Definition of ϕ = arctan (x, y).

Fig. 3
Fig. 3

Non-line-of-sight scatter communications link.

Fig. 4
Fig. 4

Instantaneous scattering area.

Fig. 5
Fig. 5

Reception geometries: isotropic transmitter case.

Fig. 6
Fig. 6

Prolate spheroid: receiver cone geometry (valid for βR <θR < π/4).

Fig. 7
Fig. 7

Reception geometries: isotropic receiver case.

Fig. 8
Fig. 8

Single-scatter impulse responses.

Fig. 9
Fig. 9

Single-scatter energy densities.

Fig. 10
Fig. 10

Non-line-of-sight system impulse and square pulse response.

Fig. 11
Fig. 11

Predicted impulse-response durations for non-line-of-sight systems.

Fig. 12
Fig. 12

Predicted path losses for non-line-of-sight systems.

Equations (63)

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ξ = ( r 1 + r 2 ) / r ( 1 ξ ) ,
η = ( r 1 r 2 ) / r ( 1 η 1 ) ,
ϕ = arctan ( x , y ) ( π ϕ π ) ,
r 1 = [ x 2 + y 2 + ( z + r / 2 ) 2 ] 1 / 2 ,
r 2 = [ x 2 + y 2 + ( z r / 2 ) 2 ] 1 / 2 ,
cos ψ 1 = ( 1 + ξ η ) / ( ξ + η ) ,
sin ψ 1 = [ ( ξ 2 1 ) ( 1 η 2 ) ] 1 / 2 / ( ξ + η ) ,
cos ψ 2 = ( 1 ξ η ) / ( ξ η ) ,
sin ψ 2 = [ ( ξ 2 1 ) ( 1 η 2 ) ] 1 / 2 / ( ξ η ) ,
cos θ s = ( 2 ξ 2 η 2 ) / ( ξ 2 η 2 ) .
η = ( ξ cos ψ 1 1 ) / ( ξ cos ψ 1 ) ,
η = ( 1 ξ cos ψ 2 ) / ( ξ cos ψ 2 ) .
H P = Q T exp ( k e r 2 ) Ω T ( r 2 ) 2 .
δ Q P = k s H p δ V = k s Q T exp ( k e r 2 ) Ω T ( r 2 ) 2 δ V .
δ R P = δ Q P P ( θ s ) / 4 π .
δ H R = δ R P cos ( ζ ) exp ( k e r 1 ) ( r 1 ) 2 = Q T k s cos ( ζ ) exp [ k e ( r 1 + r 2 ) ] 4 π Ω T ( r 1 r 2 ) 2 P ( θ s ) δ V ,
cos ( ζ ) = cos ( β R ) cos ( ψ 1 ) + sin ( β R ) sin ( ψ 1 ) cos ( ϕ ) ,
δ V = ( r 3 / 8 ) ( ξ 2 η 2 ) δ ξ δ η δ ϕ .
δ H R = Q T k s cos ( ζ ) exp ( k e r ξ ) 2 π Ω T r ( ξ 2 η 2 ) P ( θ s ) δ ξ δ η δ ϕ .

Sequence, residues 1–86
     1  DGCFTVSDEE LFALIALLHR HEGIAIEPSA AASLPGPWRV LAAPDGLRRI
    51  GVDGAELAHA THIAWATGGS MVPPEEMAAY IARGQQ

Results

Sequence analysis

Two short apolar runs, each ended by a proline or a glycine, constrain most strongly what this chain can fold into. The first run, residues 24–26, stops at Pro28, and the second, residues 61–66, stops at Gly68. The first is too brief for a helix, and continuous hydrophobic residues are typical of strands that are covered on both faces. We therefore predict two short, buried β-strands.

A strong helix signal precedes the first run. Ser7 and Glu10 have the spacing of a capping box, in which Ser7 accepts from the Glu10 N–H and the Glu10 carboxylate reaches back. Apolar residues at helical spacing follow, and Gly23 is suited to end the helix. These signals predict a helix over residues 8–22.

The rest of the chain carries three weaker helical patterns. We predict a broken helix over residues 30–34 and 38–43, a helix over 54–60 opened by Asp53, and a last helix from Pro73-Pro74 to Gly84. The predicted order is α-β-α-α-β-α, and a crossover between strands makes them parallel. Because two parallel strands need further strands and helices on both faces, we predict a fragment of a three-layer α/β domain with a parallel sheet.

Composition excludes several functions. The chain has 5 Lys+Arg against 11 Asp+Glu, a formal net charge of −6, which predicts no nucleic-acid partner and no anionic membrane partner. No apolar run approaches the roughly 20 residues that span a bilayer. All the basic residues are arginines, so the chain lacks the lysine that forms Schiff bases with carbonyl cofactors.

ξ = c t / r ,
δ ξ = c δ t / r .
δ E ( ξ ) = Q T c k s cos ( ζ ) exp ( k e r ξ ) 2 π Ω T r 2 ( ξ 2 η 2 ) P ( θ s ) δ ϕ δ η .
E ( ξ ) = { 0 ( ξ < ξ min ) Q T c k s exp ( k e r ξ ) 2 π Ω T r 2 η 1 ( ξ ) η 2 ( ξ ) ϕ 1 ( ξ , η ) ϕ 2 ( ξ , η ) cos ( ζ ) P ( θ s ) ξ 2 η 2 d ϕ d η ( ξ min ξ ξ max ) 0 ( ξ > ξ max ) ,
ξ min = { 1 ( β R θ R ) 0 or ( β T θ T ) 0 a + ( a 2 1 ) 1 / 2 0 < ( β R θ R ) + ( β T θ T ) < π π ( β R θ R ) + ( β T θ T ) ,
ξ max = { b + ( b 2 1 ) 1 / 2 0 < ( θ R + β R ) + ( θ T + β T ) < π , π ( θ R + β R ) + ( θ T + β T )
a = 1 + cos ( β R θ R ) cos ( β T θ T ) cos ( β R θ R ) + cos ( β T θ T ) ,
b = 1 + cos ( θ R + β R ) cos ( θ T + β T ) cos ( θ R + β R ) + cos ( θ T + β T ) .
ϕ 2 ( ξ , η ) = ϕ 1 ( ξ , η ) ,
E ( ξ ) = { 0 Q T c k s exp ( k e r ξ ) 2 π Ω T r 2 0 ( ξ < ξ min ) η 1 ( ξ ) η 2 ( ξ ) 2 g [ ϕ 2 ( ξ , η ) ] P ( θ s ) ξ 2 η 2 d η ( ξ min ξ ξ max ) , ( ξ > ξ min )
g [ ϕ 2 ( ξ , η ) ] = ϕ 2 ( ξ , η ) cos ( β R ) cos ( ψ 1 ) + sin ( β R ) sin ( ψ 1 ) sin [ ϕ 2 ( ξ , η ) ] .
H R = t min t max E ( c t / r ) d t .
θ T = π ,
β T = 0 .
ξ min = 1 ,
ξ max = .
η 1 = η 1 , R = { 1 ( β R + θ R 0 ) ξ cos ( β R + θ R ) 1 ξ cos ( β R + θ R ) ( β R + θ R 0 ) ,
η 2 = η 2 , R = { 1 ( β R θ R 0 ) ξ cos ( β R θ R ) 1 ξ cos ( β R θ R ) ( β R θ R 0 ) ,
cos ϕ 2 , R ( ξ , η ) = ( s 2 2 + s 3 2 s 4 2 ) / ( 2 s 2 s 3 ) .
s 2 = s 1 sin β R ,
s 3 = s 1 cos β R tan ψ 1 ,
s 4 2 = s 1 2 + s 5 2 2 s 1 s 5 cos θ R ,
s 5 = s 1 cos β R sec ψ 1 .
ϕ 2 , R ( ξ , η ) = arccos ( cos θ R cos β R cos ψ 1 sin β R sin ψ 1 ) = arccos { cos θ R cos β R 1 + ξ η ξ + η sin β R [ ( ξ 2 1 ) ( 1 η 2 ) ] 1 / 2 ξ + η } = f R ( η , ξ , θ R , β R ) .
ϕ 2 , R ( ξ , η ) = { f R ( η , ξ , θ R , β R ) ( η 1 , R η η R ) π ( η R η 1 ) ,
η R = ξ cos ( β R θ R ) 1 ξ cos ( β R θ R ) .
ϕ 2 , R ( ξ , η ) = { π ( η 1 , R η η R and η 1 , R η R ) f R ( η , ξ , θ R , β R ) ( η R η η R and η R η R ) π ( η R η η 2 , R and η R η 2 , R ) ,
η R = ξ cos ( θ R + β R ) 1 ξ cos ( β R θ R ) ,
η R = ξ cos ( θ R β R ) 1 ξ cos ( β R θ R ) .
θ R = π ,
β R = 0.
ξ min = 1 ,
ξ max = ,
η 1 = η 1 , T = { 1 ( β T θ T 0 ) 1 ξ cos ( β T θ T ) ξ cos ( β T θ T ) ( β T θ T 0 ) ,
η 2 = η 2 , T = { 1 ( θ T + β T π ) 1 ξ cos ( θ T + β T ) ξ cos ( θ T β T ) ( θ T + β T π ) ,
ϕ 2 , T ( ξ , η ) = { π ( η 1 , T η η T and η 1 , T η T ) f T ( η , ξ , θ T , β T ) ( η T η η T and η T η T ) π ( η T η η 2 , T and η T η 2 , T ) ,
f T ( η , ξ , θ T , β T ) = arccos { cos θ T = cos β T 1 ξ η ξ η sin β T [ ( ξ 2 1 ) ( 1 η 2 ) ] 1 / 2 ξ η } = f R ( η , ξ , θ T , β T ) ,
η T = 1 ξ cos ( β T θ T ) ξ cos ( β T θ T ) ,
η T = 1 ξ cos ( β T + θ T ) ξ cos ( β T + θ T ) .
η 1 ( ξ ) = max { η 1 , R , η 1 , T } ( ξ min ξ ξ max ) ,
η 2 ( ξ ) = min { η 2 , R , η 2 , T } ( ξ min ξ ξ max ) ,
ϕ 2 ( ξ , η ) = min { ϕ 2 , R ( ξ , η ) ϕ 2 , T ( ξ , η ) } [ η 1 ( ξ ) η η 2 ( ξ ) ] .
P Rayleigh ( θ s ) = 3 4 + 3 4 cos 2 ( θ s ) = 3 4 + 3 4 ( 2 ξ 2 η 2 ) 2 ( ξ 2 η 2 ) .
t = t ξ min r / c .